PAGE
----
Saturday, October 17, 2015

Cape Cabo - Cabo Raj Nivas

The Cabo Palace Rama Raj Bhavan: The Cabo Fort is known severally in the modern times as the Cabo Fort, Cabo Palace, Cabo Raj Niwas and even Raj Bhavan. Currently the house of the Governor's house, it used to house the Viceroy in Portuguese India. Built in around 1540 AD opposite Fort Aguada on the south headland of the river Mandovi, the Cabo ('cape' in Portuguese) Palace fortress housed the Franciscan monastery, which later (1594 AD) became the official residence of the Governor of Goa. The exact date about the first construction of the fort is not known but in a recently discovered note dated 30th June 1541, there was a proposal to locate a Franciscan priest at the chapel, which already existed.

In 1540, the eighth Governor, D. Estevao de Gama, proposed the idea of constructing some fortifications at the mansion site to guard the entrance to both the Mandovi and Zuari rivers. Slowly, over the years, the Cabo Fort was converted into one of the best equipped and important fortresses.

A small Chapel was constructed at the end of the mansion, and was dedicated to Our virgin lady of The cape (Nossa Senhora do Cabo).  The foundation of the monastery was laid started of on 5th February 1594 by Bishop de Santa Maria and was completed within the period of six months only, exactly on 14th July 1594. The Cabo Fort was constructed with laterite stones available at the site. The pits formed from the extractions of these stone were then covered to form cisterns to which rainwater was carried via the sloping roofs of the buildings - thus providing excellent storage tanks for water.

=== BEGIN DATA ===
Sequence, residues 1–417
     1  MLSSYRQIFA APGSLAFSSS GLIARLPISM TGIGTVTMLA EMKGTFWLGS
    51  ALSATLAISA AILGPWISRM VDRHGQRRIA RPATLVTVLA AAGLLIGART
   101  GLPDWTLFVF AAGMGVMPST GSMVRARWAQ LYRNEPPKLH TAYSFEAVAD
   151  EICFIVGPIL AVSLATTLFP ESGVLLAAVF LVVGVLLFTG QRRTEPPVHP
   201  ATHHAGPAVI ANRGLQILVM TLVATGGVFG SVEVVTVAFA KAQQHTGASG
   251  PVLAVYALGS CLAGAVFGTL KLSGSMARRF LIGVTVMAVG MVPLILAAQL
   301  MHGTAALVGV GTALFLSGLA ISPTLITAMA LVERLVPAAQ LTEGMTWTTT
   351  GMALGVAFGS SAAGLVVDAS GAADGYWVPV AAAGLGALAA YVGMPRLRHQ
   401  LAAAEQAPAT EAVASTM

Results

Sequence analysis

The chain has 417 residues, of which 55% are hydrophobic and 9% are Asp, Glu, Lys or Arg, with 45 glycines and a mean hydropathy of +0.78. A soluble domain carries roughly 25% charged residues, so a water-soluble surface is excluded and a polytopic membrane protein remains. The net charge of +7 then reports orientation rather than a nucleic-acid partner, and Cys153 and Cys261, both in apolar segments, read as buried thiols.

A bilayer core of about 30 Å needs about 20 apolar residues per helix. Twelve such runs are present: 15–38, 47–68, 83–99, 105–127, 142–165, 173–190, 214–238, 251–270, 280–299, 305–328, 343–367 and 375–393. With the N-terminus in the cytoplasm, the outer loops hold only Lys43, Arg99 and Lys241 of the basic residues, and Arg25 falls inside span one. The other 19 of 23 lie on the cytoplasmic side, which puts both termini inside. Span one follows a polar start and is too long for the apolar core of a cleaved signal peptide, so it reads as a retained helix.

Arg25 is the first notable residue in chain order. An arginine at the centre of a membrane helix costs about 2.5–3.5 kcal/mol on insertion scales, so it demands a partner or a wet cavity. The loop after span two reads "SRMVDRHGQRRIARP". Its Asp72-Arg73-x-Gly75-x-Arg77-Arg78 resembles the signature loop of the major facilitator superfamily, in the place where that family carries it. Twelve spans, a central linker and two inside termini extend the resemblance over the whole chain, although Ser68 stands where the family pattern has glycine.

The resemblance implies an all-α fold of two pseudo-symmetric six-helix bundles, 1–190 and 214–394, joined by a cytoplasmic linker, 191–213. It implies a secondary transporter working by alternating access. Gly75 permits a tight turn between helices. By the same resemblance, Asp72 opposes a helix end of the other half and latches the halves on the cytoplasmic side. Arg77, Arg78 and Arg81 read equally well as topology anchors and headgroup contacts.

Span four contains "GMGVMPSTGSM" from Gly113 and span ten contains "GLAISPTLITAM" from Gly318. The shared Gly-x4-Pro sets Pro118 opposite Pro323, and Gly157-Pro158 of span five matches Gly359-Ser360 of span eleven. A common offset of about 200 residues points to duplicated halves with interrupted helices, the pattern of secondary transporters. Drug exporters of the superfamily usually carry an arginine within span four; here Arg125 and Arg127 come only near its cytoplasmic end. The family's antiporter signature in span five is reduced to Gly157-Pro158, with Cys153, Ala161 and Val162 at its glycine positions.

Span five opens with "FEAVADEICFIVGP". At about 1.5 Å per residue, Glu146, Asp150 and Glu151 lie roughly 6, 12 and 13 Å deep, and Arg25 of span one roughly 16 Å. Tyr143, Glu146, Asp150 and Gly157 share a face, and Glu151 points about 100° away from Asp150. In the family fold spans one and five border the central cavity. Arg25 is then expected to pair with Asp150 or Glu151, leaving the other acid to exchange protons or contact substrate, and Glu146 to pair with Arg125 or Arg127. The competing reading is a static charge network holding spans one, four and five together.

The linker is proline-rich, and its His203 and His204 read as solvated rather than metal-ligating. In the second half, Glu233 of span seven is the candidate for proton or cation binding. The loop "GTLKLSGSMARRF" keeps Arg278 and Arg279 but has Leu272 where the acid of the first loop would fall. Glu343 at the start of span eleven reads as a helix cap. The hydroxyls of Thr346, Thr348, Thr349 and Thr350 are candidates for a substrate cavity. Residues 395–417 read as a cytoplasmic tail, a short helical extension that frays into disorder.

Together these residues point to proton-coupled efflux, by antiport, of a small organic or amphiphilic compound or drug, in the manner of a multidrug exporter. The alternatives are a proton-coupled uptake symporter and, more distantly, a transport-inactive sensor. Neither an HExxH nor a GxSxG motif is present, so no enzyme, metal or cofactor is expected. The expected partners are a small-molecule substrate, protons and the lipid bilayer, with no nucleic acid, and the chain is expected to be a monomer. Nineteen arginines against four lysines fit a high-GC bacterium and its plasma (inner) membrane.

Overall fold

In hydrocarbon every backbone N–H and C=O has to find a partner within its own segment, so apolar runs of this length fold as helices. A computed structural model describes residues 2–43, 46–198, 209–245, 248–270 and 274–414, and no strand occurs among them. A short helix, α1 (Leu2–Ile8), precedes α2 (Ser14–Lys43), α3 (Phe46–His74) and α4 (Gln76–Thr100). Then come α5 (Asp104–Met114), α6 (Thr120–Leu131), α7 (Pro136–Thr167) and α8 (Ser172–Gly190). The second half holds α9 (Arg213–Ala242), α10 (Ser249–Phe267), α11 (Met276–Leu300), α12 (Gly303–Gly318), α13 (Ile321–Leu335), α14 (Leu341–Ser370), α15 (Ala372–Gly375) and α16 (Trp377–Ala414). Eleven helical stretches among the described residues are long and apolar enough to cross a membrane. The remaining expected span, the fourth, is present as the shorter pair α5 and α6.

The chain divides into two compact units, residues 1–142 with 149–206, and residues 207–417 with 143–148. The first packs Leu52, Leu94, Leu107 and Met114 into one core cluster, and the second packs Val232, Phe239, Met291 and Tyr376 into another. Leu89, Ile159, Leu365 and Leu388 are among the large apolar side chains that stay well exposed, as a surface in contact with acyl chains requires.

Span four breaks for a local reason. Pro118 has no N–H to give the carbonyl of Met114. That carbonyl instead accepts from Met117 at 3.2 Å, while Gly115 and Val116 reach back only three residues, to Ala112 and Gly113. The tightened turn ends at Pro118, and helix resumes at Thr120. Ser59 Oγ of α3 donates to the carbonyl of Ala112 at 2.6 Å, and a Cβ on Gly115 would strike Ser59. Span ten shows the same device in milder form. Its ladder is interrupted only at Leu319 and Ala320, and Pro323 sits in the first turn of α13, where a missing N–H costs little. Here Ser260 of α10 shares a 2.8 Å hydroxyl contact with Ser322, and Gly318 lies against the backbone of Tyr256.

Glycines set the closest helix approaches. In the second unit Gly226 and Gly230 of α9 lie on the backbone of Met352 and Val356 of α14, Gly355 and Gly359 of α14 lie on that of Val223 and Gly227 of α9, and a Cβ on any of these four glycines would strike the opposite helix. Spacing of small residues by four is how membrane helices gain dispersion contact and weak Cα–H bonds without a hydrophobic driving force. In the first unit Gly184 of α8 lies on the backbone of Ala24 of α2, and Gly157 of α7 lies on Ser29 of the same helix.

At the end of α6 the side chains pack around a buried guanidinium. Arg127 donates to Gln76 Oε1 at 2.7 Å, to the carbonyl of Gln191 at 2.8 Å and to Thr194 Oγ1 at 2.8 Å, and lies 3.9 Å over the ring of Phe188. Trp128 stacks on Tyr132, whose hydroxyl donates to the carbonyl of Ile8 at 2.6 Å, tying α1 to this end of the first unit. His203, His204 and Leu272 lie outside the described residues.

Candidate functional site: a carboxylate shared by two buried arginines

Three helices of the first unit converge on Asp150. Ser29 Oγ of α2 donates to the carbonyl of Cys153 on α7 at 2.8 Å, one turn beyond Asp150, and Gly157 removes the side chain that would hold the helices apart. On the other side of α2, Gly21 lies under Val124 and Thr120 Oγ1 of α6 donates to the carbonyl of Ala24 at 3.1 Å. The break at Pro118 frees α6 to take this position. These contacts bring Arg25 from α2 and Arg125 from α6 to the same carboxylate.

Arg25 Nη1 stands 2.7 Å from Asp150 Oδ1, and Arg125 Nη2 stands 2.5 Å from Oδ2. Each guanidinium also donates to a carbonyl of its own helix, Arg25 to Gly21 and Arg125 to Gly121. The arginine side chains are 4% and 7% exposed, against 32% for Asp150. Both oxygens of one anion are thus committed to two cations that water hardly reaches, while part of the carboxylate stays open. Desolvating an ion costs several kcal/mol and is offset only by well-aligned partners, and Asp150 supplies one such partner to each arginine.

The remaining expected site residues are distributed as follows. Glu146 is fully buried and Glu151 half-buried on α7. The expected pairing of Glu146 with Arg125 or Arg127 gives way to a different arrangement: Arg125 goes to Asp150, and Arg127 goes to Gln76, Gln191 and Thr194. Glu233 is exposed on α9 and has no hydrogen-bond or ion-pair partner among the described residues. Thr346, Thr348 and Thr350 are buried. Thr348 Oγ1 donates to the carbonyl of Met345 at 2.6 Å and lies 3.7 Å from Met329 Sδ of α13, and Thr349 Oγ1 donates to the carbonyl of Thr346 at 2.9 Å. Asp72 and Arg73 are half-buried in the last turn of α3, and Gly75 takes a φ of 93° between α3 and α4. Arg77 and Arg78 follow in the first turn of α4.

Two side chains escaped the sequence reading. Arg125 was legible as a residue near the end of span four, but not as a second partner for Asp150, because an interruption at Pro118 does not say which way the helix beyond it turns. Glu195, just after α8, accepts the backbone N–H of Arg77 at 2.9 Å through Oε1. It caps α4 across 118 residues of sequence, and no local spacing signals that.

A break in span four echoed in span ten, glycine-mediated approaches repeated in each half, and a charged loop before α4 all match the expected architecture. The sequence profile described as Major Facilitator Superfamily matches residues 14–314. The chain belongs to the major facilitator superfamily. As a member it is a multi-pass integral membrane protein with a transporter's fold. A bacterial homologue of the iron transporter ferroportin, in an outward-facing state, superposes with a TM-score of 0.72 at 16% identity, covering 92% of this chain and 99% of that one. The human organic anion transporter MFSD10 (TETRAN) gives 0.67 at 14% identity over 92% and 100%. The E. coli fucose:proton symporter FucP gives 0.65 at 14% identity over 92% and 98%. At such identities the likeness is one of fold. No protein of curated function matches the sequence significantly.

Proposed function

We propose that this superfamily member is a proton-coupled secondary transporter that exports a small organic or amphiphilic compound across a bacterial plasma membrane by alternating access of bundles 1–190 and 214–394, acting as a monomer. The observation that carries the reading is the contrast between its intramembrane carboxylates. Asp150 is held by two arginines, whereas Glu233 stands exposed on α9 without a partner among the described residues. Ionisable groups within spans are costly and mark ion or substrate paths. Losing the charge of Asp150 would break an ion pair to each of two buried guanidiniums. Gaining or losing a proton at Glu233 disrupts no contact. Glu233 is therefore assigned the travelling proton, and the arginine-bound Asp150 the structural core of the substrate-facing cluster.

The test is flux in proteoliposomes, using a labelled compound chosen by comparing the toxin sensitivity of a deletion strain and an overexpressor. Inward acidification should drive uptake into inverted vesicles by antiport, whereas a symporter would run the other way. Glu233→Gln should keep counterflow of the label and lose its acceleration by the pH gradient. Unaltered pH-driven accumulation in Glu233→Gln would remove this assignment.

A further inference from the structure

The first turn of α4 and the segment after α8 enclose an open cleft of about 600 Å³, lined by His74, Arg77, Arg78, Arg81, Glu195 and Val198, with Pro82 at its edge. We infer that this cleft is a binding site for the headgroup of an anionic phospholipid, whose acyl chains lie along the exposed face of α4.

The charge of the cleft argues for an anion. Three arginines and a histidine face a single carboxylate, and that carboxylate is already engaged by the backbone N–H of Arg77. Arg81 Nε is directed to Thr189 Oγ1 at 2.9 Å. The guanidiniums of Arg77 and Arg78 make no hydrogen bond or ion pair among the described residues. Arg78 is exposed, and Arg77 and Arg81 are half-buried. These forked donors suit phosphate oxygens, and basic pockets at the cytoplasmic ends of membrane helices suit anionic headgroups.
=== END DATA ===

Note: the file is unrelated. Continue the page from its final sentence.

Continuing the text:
The Cabo Palace is now known as the Raj Bahavan (the official residence of the Governors of the States in India). It is also among the finest of the Raj Bhavans and also the oldest - as no other residence of a Governor of a State in India had its origin to over four hundred years in the past.

The official reception area consists area consists of a large hall called the Darbar Hall, used at the time of receptions and swearing in ceremonies and other official occasions. The Dining room has a seating capacity of over 30 persons. The living quarters of the Governor and his family are on the same floor. A glossy verandah runs along the entire portion overlooking the Mandovi Bay and the Arabian Sea giving one a feeling of being on a ship's deck.

There are three suites and seven double rooms for guests. The offices of the Governor, his secretariat and staff are located on the ground floor in a separate annex.

The Raj Bhavan has a fine collection of Bohemian chandeliers, Chinese porcelain, silver and furniture. The most remarkable are the pieces of antique Chinese porcelain presumably manufactured in Canton. There is also a worn-out set of crockery having a similar design with same coat of arms. All these had been specially ordered for the use of the Portuguese Governor General. There is also an excellent collection of high quality wooden furniture with exquisite workmanship. A set of intricately carved chairs are simply remarkable for the fact that Hindu Gods and Temples have been carved on them. In the later centuries complete harmony between Christians and Hindus was very evident in Goa.